On 24/11/2017 16:43, Yury Bulka wrote: > Great to hear! > > I have one caveat with it though - if I understand it correctly, it is > currently in a man-in-the-middle position between the visitor and WMF, > as it provides its own self-signed https certificate and performs > various URL rewriting on the traffic to change the URLs to the onion > domain.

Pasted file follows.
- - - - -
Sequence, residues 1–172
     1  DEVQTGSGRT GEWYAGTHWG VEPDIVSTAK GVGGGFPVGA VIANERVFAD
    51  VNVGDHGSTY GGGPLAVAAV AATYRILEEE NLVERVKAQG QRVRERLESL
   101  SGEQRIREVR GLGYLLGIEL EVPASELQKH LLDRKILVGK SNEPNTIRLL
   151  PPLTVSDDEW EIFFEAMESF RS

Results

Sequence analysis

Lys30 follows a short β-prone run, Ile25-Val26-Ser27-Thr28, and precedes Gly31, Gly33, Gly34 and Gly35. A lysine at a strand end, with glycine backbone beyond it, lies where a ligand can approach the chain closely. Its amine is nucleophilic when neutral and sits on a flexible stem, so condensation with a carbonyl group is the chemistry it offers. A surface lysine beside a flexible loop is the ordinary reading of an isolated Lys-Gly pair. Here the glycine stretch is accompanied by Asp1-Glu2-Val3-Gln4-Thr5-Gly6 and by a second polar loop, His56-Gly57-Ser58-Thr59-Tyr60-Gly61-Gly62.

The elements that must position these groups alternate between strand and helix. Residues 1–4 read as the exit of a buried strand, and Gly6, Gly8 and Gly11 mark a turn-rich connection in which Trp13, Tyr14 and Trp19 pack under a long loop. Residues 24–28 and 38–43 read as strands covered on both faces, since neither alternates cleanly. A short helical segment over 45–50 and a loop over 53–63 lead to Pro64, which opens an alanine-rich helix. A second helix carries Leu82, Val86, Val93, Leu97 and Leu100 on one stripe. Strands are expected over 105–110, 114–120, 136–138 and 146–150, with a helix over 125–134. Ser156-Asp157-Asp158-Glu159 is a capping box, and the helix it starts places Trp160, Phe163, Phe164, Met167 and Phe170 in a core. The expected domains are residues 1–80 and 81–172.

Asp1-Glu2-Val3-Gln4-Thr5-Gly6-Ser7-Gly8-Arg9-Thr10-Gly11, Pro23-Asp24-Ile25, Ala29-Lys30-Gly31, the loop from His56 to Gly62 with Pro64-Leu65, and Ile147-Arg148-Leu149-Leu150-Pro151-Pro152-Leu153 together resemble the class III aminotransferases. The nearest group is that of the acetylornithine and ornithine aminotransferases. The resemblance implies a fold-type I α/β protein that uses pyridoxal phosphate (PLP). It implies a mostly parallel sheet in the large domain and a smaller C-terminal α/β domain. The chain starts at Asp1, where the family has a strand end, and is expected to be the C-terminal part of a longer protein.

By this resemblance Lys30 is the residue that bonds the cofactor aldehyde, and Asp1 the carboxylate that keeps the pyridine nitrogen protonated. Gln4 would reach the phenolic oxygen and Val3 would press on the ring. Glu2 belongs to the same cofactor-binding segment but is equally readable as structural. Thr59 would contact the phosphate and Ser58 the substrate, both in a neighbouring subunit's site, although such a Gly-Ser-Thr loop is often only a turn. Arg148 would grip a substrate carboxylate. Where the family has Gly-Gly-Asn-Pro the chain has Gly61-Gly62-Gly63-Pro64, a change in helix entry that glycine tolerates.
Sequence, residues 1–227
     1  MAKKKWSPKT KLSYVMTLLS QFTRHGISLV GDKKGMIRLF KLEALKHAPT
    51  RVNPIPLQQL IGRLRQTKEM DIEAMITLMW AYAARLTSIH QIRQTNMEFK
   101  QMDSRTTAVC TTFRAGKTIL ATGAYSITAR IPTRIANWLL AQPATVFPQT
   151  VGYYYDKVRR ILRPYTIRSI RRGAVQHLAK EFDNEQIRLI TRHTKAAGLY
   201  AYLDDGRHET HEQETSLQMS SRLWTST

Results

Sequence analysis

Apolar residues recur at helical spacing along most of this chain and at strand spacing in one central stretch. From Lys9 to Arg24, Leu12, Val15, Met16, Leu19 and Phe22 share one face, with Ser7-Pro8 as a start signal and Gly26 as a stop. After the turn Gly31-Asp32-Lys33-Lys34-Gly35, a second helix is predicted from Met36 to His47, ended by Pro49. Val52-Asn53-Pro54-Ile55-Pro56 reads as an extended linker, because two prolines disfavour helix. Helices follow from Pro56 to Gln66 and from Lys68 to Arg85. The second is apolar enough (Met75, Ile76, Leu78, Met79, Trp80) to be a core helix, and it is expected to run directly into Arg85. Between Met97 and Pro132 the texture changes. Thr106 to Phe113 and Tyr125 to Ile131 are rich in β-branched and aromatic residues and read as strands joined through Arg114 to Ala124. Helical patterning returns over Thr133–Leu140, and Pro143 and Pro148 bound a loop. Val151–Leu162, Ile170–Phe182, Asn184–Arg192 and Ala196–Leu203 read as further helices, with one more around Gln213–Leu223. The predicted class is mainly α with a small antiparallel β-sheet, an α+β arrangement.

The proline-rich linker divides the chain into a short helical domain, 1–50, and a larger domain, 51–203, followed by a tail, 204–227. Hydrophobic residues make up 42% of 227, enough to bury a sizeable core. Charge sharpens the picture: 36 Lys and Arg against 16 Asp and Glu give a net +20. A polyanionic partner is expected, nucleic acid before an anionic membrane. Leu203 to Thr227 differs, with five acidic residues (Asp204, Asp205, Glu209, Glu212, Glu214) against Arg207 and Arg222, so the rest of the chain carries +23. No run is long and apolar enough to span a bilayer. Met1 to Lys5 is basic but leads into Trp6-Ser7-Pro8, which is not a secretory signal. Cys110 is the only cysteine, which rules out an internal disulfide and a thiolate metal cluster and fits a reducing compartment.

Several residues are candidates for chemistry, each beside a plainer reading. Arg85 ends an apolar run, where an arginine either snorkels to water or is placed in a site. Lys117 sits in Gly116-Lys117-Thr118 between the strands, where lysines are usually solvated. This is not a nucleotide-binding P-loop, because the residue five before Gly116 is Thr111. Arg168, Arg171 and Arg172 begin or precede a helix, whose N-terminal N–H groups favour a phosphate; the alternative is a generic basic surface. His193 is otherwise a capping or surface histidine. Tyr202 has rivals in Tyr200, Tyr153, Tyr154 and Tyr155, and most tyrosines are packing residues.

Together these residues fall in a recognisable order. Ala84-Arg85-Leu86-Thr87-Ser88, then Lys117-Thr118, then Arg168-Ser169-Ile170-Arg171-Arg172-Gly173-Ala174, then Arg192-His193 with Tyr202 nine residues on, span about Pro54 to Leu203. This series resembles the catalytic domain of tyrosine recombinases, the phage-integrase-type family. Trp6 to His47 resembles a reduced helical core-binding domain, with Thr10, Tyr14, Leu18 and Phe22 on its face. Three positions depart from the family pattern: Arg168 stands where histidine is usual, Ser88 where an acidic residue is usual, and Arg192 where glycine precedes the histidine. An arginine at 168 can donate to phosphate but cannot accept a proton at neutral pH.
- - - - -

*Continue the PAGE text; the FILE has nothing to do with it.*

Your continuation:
It is. > Using Tor <-> clearnet WMF (HTTPS) still provides: > 1) censorship circumvention; > 2) location anonymity; > 3) opaque encryption between the visitor and the WMF; > > The #3 is missing if the onion service is not operated by the WMF > itself. > > Please correct me if I'm wrong. > > I do think it's very good that such effort is taking place - but we need > to make sure there's no weak points security-wise that aren't > communicated prominently enough to the users. You are absolutely right, but the point of this service is that this is an experiment(*) (and its maintainer says he will will be running it for just some time, it is not permanent), It is just a proof of concept to see that it can be done. Of course it would make more sense if the WMF would run this service directly so that we would have an official service (also, in this case you wouldn't experience the problem with self-signed certificates). Cristian (*) Just for reference, Alec is running the whole thing on Amazon Web Services on a micro instance. Which is a less-than-10USD-a-month virtual server. : https://twitter.com/AlecMuffett/status/933735934272704512 : https://twitter.com/AlecMuffett/status/933738958143590401 _______________________________________________ Wikimedia-l mailing list, guidelines at: https://meta.wikimedia.org/wiki/Mailing_lists/Guidelines and https://meta.wikimedia.org/wiki/Wikimedia-l New messages to: Wikimediaemail@example.com Unsubscribe: https://lists.wikimedia.org/mailman/listinfo/wikimedia-l, <mailto:wikimedia-l-requ...@lists.wikimedia.org?subject=unsubscribe>